Aurangzeb hopes for new IMF deal in July

We have to take tax-to-GDP ratio to 13pc in 3 years: Finance minister

ISLAMABAD   -   Finance minister Muhammad Aurangzeb on Thursday expressed the hope that a staff-level agreement with the International Monetary Fund (IMF) for a new loan programme would be reached in July as the talks are moving in the right direction.

“I don’t want to say anything in finality other than the fact that it’s moving positively,” Muhammad Aurangzeb said while addressing the post-budget press conference along with Minister of State for Finance Ali Pervaiz Malik and economic team. He further said that virtual negotiations with the IMF are underway but declined to comment further on the subject until an agreement with the Fund is finalized.

He said that the government has framed the budget aimed to broaden the tax base of the country. The government has aimed to enhance the tax-to-GDP ratio to 13 percent in the next three years from existing only 9 percent, which is simply not sustainable. “We have to [enhance it] every year so that in the next three years, we can take it to 13pc,” he asserted, asking if any other country in the world was sustaining itself with a tax-to-GDP ratio of less than 10pc, like Pakistan was.

The Finance Minister said that the annual budget 2024-25 revolves around five principles, including widening the tax base, digitizing the economy, implementing a progressive income tax regime, eliminating non-filers, and protecting low-income groups. He informed that the government would not increase the petroleum development levy immediately, as it would be increased in different phases by keeping international prices into consideration.

On a question about income tax slabs, he informed that taxes for the exempted class and those in the top slab category have been maintained. “If you compare it with the non-salaries class, which includes the professional community, we have increased it to 45%,” he said, adding that there are some changes in tax slabs and there is no doubt about it. “If you look on an individual level, the burden is not that heavy.”

He further stated that the concept of non-filers is only in Pakistan and no other country in the world; therefore, the tax rate has been increased for non-filers. “Higher taxes would be imposed on those with higher incomes, adding that no one should object to it”, he added.

He further said the government would re-launch the Point of Sale price scheme to “try and document cash transactions as much as possible”. “Cash transactions are linked with digitization and undocumented economy. Rs9tr in cash is in circulation,” he emphasized

The Finance Minister said that the government is digitalizing the undocumented economy on an end-to-end basis, which would reduce human intervention. Sharing the details of taxing retailers, he informed that the government has mobilized the drive in May as 31,000 retailers have been registered so far. The campaign will continue as the collection of tax will begin from July. He insisted that the tax on retailers and wholesalers should have been imposed in 2022. “We protected [them] as much as we could... We have no choice but to bring this sector into the tax net.”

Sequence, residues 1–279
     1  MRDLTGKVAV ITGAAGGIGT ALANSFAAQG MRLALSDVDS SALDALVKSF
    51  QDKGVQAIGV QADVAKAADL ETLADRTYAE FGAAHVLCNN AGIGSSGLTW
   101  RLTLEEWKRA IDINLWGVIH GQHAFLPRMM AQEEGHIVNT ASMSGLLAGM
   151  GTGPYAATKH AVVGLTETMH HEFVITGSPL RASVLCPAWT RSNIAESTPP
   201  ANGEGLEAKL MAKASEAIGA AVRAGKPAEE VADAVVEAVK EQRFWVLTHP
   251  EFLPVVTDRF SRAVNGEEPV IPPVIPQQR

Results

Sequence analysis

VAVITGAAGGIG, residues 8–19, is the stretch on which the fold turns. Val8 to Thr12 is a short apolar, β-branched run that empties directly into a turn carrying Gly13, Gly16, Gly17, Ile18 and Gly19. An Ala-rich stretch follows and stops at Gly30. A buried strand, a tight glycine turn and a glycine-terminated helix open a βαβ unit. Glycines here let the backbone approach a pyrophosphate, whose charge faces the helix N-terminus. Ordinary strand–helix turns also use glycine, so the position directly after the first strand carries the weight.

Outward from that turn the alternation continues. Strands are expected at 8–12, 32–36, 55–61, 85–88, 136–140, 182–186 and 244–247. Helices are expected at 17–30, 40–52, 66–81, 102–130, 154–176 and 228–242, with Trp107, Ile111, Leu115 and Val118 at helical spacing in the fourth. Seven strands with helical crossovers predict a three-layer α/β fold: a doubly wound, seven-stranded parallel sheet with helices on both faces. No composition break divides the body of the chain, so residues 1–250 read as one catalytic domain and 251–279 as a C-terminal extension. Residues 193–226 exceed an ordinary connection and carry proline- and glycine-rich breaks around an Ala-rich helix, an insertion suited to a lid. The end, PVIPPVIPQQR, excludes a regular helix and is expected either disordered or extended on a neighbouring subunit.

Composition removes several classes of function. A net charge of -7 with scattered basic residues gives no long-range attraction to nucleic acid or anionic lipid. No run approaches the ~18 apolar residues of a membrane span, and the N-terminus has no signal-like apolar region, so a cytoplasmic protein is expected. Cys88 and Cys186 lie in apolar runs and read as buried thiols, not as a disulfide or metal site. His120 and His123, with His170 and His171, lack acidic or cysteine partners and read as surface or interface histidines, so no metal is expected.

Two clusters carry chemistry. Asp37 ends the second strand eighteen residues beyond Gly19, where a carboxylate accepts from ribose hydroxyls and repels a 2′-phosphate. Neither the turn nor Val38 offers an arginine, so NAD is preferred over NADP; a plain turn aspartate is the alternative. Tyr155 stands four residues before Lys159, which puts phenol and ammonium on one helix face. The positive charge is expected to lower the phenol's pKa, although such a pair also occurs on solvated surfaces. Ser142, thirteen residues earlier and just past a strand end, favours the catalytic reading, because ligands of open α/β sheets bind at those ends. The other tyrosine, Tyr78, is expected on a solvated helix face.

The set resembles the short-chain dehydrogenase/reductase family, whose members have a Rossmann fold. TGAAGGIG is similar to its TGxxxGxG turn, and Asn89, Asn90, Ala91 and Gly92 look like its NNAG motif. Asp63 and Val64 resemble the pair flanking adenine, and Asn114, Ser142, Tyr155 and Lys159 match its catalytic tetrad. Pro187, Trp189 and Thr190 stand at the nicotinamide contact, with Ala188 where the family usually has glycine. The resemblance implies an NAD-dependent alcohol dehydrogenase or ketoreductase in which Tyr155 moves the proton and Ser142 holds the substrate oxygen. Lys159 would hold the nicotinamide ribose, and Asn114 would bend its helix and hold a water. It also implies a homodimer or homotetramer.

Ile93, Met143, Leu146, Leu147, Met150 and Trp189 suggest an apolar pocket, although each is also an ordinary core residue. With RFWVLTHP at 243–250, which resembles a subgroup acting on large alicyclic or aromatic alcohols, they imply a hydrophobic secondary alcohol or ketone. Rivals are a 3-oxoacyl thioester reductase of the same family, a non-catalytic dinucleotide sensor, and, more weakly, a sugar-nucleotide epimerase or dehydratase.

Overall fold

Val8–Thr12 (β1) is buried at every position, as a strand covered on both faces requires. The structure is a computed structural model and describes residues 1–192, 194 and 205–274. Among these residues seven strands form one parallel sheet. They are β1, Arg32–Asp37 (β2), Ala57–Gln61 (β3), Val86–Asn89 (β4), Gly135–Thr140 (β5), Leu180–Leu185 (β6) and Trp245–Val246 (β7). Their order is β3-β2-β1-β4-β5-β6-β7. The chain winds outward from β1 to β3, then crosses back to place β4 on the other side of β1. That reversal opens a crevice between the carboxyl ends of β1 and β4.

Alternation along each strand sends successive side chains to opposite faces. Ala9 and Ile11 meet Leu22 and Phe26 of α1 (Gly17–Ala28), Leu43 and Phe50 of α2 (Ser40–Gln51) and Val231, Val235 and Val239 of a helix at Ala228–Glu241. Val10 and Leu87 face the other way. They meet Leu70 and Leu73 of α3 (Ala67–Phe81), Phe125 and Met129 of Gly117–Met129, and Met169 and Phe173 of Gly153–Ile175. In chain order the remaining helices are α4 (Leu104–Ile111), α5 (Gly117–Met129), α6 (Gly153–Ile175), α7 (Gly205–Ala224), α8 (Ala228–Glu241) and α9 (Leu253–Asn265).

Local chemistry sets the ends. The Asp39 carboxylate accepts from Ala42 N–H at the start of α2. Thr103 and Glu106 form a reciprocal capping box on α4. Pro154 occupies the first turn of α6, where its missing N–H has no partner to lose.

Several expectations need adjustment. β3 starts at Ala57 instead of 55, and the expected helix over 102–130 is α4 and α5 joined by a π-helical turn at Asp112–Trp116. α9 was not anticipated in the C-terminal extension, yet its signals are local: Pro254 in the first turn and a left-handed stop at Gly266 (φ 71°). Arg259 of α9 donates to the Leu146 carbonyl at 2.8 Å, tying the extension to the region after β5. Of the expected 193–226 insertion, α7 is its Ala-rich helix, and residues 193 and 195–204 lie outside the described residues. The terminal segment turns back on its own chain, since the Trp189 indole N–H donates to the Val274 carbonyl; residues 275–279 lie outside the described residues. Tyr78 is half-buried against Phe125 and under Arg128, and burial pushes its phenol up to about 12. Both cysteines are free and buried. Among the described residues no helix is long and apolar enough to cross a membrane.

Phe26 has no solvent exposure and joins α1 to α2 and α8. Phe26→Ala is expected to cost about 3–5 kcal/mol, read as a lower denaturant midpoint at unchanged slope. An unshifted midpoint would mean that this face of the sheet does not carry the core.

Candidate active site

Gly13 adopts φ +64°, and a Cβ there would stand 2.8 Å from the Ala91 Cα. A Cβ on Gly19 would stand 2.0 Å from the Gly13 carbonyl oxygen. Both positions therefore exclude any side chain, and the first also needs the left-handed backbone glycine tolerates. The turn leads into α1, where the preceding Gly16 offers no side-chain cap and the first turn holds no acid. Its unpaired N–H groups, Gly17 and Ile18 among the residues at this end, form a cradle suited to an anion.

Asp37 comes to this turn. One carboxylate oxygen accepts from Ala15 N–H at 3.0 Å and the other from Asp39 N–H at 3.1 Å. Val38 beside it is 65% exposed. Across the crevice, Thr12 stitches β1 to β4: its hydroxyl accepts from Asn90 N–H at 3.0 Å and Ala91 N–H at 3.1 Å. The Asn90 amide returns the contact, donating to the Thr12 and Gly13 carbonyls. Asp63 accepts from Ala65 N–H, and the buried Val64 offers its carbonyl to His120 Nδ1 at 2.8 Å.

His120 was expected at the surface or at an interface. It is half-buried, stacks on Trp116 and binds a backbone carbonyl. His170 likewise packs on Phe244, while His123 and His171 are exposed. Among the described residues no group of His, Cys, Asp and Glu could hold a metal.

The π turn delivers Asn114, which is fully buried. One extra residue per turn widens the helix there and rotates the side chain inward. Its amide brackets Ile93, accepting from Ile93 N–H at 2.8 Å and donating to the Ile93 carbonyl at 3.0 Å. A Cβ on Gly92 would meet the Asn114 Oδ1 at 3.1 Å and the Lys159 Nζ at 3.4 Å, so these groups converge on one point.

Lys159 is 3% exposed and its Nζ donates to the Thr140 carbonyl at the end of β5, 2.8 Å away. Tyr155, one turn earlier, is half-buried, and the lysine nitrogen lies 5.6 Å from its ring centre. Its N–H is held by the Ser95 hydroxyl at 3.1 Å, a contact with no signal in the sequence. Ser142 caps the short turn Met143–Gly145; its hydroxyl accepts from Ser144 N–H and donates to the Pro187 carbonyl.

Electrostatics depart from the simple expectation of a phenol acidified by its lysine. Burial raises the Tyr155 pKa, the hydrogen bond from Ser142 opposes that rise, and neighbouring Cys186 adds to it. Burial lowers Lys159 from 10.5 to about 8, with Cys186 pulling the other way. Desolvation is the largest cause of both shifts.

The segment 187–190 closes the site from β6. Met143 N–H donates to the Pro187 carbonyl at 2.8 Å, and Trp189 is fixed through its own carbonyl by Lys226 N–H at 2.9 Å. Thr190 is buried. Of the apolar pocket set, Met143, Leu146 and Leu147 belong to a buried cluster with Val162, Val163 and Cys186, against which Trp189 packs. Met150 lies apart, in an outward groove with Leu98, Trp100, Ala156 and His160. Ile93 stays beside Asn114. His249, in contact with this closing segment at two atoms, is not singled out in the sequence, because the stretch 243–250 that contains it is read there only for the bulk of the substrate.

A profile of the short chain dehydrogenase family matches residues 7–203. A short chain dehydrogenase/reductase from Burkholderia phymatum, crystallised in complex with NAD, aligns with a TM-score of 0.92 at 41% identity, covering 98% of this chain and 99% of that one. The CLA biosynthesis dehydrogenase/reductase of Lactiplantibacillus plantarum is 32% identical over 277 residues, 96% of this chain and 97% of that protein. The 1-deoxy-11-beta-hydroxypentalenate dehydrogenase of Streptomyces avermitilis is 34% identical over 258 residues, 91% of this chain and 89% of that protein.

Aurangzeb said digitization of the economy is a priority for the government, as it will help reduce corruption and increase transparency.

Talking about the the Public Sector Development Programme (PSDP), he said the government has allocated major funds for the projects in which are near for completion.bHe further said that the track and trace system had been rolled out and would be expanded from cigarettes to cement and other sectors. “Sales tax has a big leakage as well. We need to plug all of these through digitisation,” he added.

To a question about bringing inflation down to 12 percent was realistic, Aurangzeb said, “We should have shut down ministries and sectors that were not contributing. This is how we’ll cut expenditures. There is still work to be done, the prime minister will make decisions around ministries and devolved subjects.” “The greater the number of things we exclude the government from, the more fiscal space we will get,” the finance minister asserted.

Minister of State for Finance Ali Pervaiz Malik said significant allocations have been made in this respect under the Benazir Income Support Programme. Similarly, the largest chunk of subsidies will go for the power sector to facilitate electricity consumers, including the protected customers using up to 200 units.

Regarding inflation, the minister of state said: “We understand the impact of inflation on the common man, but we need to remember that we have made steps in the right direction.” Citing the example of Argentina as being a huge debtor to the IMF, Malik said: “If you hand things out, your deficit rises, in which case you print more money, or take a loan and put the burden on future generations — we have done both of these things.”

“Give us time to enforce and impose direct taxation,” he said, stating that there were now punitive measures in place. Noting that the biggest allocation was for the power sector, Malik admitted that “there will be governance issues but it will protect the most vulnerable”.

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